The split between the Illinois Lottery and its private manager, Northstar Lottery Group, is now official after three years of acrimony over lower-than-expected revenues.
The termination agreement, signed Tuesday by Gov. Pat Quinn, comes a little more than three months after he directed lottery officials to sever ties with the company after it fell short of promised revenues for the third consecutive year.
At the time, the company had posted record profits to the state, but those figures still totaled nearly a half-billion dollars less than what was pledged to cash-strapped Illinois when the company took over the day-to-day operation of the lottery in July 2011.
"The governor demands every state contractor be held accountable for their performance — and that's why we directed the lottery to end its relationship with Northstar," a spokesman for Quinn's office said Tuesday after the agreement was signed. "Today's formal contract termination concludes that process and will allow the lottery to improve profits and increase funding for education and economic development across Illinois."
The Tribune first reported Northstar's struggle to meet its lofty revenue goals in May 2012, as the company was nearing the end of its first year running the lottery.
Illinois Lottery Director Michael Jones hailed the decision as a win for both sides and said he believes the lessons learned from the controversial bidding process that resulted in Northstar's selection will help the state attract more bidders, not just lottery industry giants like the companies that formed Northstar. He said firms need not have lottery experience in order to bid, because much of the infrastructure is already in place.
"We learned a great deal about this from our experience with the first bidding process, which only attracted a few bidders," Jones said. "This dynamic will invite, I think, a great deal more purpose-built consortium, because previous lottery technical skills aren't required. Terminals and instant tickets are the knives and forks of the lottery business. We're trying to hire a chef."
While Illinois has been the most glaring failure for Northstar — a consortium of lottery firms GTECH and Scientific Games — the company has also come under fire for falling short of promised revenues in New Jersey. And GTECH, which was selected in 2012 to run Indiana's lottery, has also posted slightly less revenue than promised for that state's games.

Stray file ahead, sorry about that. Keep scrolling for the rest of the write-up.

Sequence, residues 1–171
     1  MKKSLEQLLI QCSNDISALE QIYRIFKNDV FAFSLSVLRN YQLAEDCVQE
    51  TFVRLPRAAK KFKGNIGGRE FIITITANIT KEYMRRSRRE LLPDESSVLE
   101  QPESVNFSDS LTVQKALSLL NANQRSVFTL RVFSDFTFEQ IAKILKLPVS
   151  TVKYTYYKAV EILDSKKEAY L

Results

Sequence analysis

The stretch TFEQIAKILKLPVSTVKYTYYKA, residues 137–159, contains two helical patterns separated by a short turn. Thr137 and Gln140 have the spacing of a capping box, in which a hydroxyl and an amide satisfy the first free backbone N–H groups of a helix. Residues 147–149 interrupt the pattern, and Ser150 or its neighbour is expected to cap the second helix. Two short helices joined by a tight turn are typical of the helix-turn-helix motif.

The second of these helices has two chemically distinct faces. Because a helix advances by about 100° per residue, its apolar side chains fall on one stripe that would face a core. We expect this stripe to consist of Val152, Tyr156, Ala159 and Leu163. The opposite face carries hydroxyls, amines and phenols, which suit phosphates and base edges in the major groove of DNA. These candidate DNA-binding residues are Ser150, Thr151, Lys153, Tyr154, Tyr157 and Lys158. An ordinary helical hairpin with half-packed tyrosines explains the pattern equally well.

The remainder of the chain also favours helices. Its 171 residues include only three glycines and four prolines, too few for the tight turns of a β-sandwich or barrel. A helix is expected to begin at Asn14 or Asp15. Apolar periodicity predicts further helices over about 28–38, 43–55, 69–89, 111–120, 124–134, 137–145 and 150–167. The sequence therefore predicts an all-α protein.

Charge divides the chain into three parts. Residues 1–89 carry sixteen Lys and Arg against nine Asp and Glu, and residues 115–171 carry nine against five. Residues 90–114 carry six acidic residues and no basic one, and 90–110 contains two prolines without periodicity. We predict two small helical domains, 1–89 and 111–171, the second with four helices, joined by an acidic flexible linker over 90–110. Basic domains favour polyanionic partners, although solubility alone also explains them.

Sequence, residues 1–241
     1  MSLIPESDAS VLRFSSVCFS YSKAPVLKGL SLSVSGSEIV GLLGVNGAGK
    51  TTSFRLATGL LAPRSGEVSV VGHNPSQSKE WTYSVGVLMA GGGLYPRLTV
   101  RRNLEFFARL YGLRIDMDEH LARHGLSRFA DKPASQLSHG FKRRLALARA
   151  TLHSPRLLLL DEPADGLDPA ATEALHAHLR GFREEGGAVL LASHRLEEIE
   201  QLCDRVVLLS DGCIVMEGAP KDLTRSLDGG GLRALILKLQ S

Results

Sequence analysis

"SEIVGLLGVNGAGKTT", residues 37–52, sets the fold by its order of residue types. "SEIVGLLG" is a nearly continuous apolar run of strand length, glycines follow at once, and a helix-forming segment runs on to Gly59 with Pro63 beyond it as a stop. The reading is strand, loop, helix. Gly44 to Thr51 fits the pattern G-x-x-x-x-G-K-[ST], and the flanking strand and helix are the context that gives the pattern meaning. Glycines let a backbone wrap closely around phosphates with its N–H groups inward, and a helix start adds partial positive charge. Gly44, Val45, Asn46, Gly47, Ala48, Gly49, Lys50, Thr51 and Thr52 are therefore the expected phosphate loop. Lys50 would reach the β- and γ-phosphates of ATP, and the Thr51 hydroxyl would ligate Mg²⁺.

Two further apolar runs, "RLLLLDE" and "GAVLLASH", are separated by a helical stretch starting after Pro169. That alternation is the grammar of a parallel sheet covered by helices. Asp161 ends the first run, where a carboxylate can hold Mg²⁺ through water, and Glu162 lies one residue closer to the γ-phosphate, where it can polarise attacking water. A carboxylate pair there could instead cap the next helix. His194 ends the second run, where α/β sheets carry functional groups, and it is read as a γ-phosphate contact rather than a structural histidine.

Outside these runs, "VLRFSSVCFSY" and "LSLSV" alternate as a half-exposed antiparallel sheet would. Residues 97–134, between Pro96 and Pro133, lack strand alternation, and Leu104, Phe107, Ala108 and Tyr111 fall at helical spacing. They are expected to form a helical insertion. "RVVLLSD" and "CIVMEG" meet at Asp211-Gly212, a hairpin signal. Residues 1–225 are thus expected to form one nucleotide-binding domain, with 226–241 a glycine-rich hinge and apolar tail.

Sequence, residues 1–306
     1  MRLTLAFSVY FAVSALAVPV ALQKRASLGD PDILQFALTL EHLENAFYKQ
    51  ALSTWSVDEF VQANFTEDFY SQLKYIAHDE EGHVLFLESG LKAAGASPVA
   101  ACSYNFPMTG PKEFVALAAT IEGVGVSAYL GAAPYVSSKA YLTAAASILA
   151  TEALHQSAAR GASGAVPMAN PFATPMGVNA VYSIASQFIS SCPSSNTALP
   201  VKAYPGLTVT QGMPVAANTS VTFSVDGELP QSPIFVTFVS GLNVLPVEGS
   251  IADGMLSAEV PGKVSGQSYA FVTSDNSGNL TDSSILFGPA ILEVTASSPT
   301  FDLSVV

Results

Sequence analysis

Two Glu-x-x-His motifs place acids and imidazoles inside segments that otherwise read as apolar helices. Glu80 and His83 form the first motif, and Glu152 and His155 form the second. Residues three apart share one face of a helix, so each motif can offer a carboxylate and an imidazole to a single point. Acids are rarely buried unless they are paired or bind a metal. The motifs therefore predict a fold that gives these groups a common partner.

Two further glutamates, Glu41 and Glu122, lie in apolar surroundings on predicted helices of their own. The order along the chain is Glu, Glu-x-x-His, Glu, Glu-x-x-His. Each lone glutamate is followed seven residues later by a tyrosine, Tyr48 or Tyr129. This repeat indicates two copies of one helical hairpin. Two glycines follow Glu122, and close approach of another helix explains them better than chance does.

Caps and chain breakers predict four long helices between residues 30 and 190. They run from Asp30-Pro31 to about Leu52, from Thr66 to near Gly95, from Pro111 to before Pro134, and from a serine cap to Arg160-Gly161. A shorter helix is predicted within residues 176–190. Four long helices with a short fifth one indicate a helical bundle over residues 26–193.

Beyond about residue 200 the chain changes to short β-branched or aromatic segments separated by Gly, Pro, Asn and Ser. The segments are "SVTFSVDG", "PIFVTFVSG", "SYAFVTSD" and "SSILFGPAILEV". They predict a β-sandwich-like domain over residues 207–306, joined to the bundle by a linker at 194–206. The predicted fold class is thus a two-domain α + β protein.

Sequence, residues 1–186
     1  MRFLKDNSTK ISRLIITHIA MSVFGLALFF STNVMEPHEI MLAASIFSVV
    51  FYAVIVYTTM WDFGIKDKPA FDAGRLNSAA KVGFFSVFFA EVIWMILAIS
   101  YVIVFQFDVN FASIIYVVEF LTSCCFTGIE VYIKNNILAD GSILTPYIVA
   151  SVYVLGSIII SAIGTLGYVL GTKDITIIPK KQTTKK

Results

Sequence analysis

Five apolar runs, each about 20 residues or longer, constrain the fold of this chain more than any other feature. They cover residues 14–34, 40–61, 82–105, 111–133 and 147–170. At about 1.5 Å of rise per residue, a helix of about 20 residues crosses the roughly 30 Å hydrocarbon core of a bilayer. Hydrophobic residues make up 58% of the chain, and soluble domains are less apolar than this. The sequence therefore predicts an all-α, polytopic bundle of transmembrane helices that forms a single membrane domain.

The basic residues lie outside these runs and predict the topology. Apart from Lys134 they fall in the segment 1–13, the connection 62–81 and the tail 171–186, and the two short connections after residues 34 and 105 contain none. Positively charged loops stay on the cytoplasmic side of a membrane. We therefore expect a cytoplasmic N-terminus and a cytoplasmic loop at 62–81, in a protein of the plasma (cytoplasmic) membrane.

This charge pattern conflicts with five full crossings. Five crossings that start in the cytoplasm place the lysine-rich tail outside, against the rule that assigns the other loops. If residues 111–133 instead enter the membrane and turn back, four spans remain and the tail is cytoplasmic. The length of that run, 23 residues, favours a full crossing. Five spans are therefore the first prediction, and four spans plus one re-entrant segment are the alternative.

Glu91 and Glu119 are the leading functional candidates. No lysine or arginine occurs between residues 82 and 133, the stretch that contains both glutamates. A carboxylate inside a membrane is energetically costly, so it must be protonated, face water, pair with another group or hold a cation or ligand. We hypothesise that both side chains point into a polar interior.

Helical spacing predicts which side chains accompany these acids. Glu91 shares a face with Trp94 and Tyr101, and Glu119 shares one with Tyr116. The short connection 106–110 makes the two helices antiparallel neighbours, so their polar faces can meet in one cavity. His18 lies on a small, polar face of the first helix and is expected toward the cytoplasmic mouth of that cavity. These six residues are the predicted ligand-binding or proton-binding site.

Northstar officials could not be immediately reached for comment.
Former Chicago Bears safety Gary Fencik, now a private equity manager who chairs the Lottery Control Board, said the lottery and the board told Quinn's office in fall of 2013 that Northstar should be fired. Nevertheless, Fencik says he remains confident that the right private manager can boost revenues to the levels expected from Northstar.
"I believe it was not a vision problem; I believe it was an execution issue," Fencik said. "I think we're going to find out when ... we see the bids whether or not there are other groups that feel they can accomplish the economic goals that were in the last bid. If those revenue targets and profit targets are substantially lower, perhaps that's making a statement about what's achievable in the lottery in Illinois."
As part of the termination deal, all litigation was dropped by Northstar regarding accounting disputes, and both GTECH and Scientific Games will keep their contracts with the state to provide games and services until 2018, when the new private manager can seek bids for new vendors, Jones said.
The provision provoked outrage from Gov.-elect Bruce Rauner's camp, which complained the decision to allow GTECH and Scientific Games to keep their contracts with the lottery was a poor deal for taxpayers.
"Despite our repeated requests, the Quinn administration has executed an eleventh-hour deal," Rauner spokesman Mike Schrimpf said in a written statement. "We were not consulted or even informed. This is a bad deal that creates a new binding contract that will cost taxpayers tens of millions of dollars."
One of the most persistent critics of the move to private management said he hopes the new administration will consider returning the lottery to state control.
"My opinion is that we should hire the talent and keep it in-house," said State Rep. Jack Franks, D-Marengo. "If they feel that we don't have all the tools we need because of our present laws, the lottery folks should tell us, and we can amend the laws as need be. But it's clear the (private management) experiment did not work in our state or any of the other states."
Jones said Northstar will continue to be paid to help run the lottery until a new manager is selected, per the agreement. In the meantime, however, the Illinois Lottery will take control of all major decisions in order "to maximize profits."
Northstar could also be paid up to $12 million by the state to cover the cost of shutting down its operation but will have to provide proof of those costs before it can be reimbursed, Jones said.